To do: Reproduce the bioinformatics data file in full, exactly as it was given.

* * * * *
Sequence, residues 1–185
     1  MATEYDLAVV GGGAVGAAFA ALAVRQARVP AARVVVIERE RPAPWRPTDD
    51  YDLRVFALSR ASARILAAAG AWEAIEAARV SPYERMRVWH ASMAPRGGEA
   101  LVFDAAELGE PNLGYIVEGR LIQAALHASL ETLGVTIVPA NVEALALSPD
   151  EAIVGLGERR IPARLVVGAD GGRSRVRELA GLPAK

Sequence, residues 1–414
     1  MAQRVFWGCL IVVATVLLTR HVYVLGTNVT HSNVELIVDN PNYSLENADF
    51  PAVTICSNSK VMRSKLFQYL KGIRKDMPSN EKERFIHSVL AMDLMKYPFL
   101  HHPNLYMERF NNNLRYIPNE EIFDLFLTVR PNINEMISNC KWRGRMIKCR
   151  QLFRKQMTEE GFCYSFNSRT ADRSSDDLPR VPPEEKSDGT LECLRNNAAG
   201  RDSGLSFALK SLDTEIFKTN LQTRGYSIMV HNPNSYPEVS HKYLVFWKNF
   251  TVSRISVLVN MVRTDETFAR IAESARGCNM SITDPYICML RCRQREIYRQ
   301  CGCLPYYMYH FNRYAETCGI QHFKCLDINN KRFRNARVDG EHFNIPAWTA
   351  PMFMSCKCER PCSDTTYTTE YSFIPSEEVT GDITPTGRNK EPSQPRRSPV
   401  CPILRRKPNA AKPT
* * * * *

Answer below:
Sequence, residues 1–185
     1  MATEYDLAVV GGGAVGAAFA ALAVRQARVP AARVVVIERE RPAPWRPTDD
    51  YDLRVFALSR ASARILAAAG AWEAIEAARV SPYERMRVWH ASMAPRGGEA
   101  LVFDAAELGE PNLGYIVEGR LIQAALHASL ETLGVTIVPA NVEALALSPD
   151  EAIVGLGERR IPARLVVGAD GGRSRVRELA GLPAK

Sequence, residues 1–414
     1  MAQRVFWGCL IVVATVLLTR HVYVLGTNVT HSNVELIVDN PNYSLENADF
    51  PAVTICSNSK VMRSKLFQYL KGIRKDMPSN EKERFIHSVL AMDLMKYPFL
   101  HHPNLYMERF NNNLRYIPNE EIFDLFLTVR PNINEMISNC KWRGRMIKCR
   151  QLFRKQMTEE GFCYSFNSRT ADRSSDDLPR VPPEEKSDGT LECLRNNAAG
   201  RDSGLSFALK SLDTEIFKTN LQTRGYSIMV HNPNSYPEVS HKYLVFWKNF
   251  TVSRISVLVN MVRTDETFAR IAESARGCNM SITDPYICML RCRQREIYRQ
   301  CGCLPYYMYH FNRYAETCGI QHFKCLDINN KRFRNARVDG EHFNIPAWTA
   351  PMFMSCKCER PCSDTTYTTE YSFIPSEEVT GDITPTGRNK EPSQPRRSPV
   401  CPILRRKPNA AKPT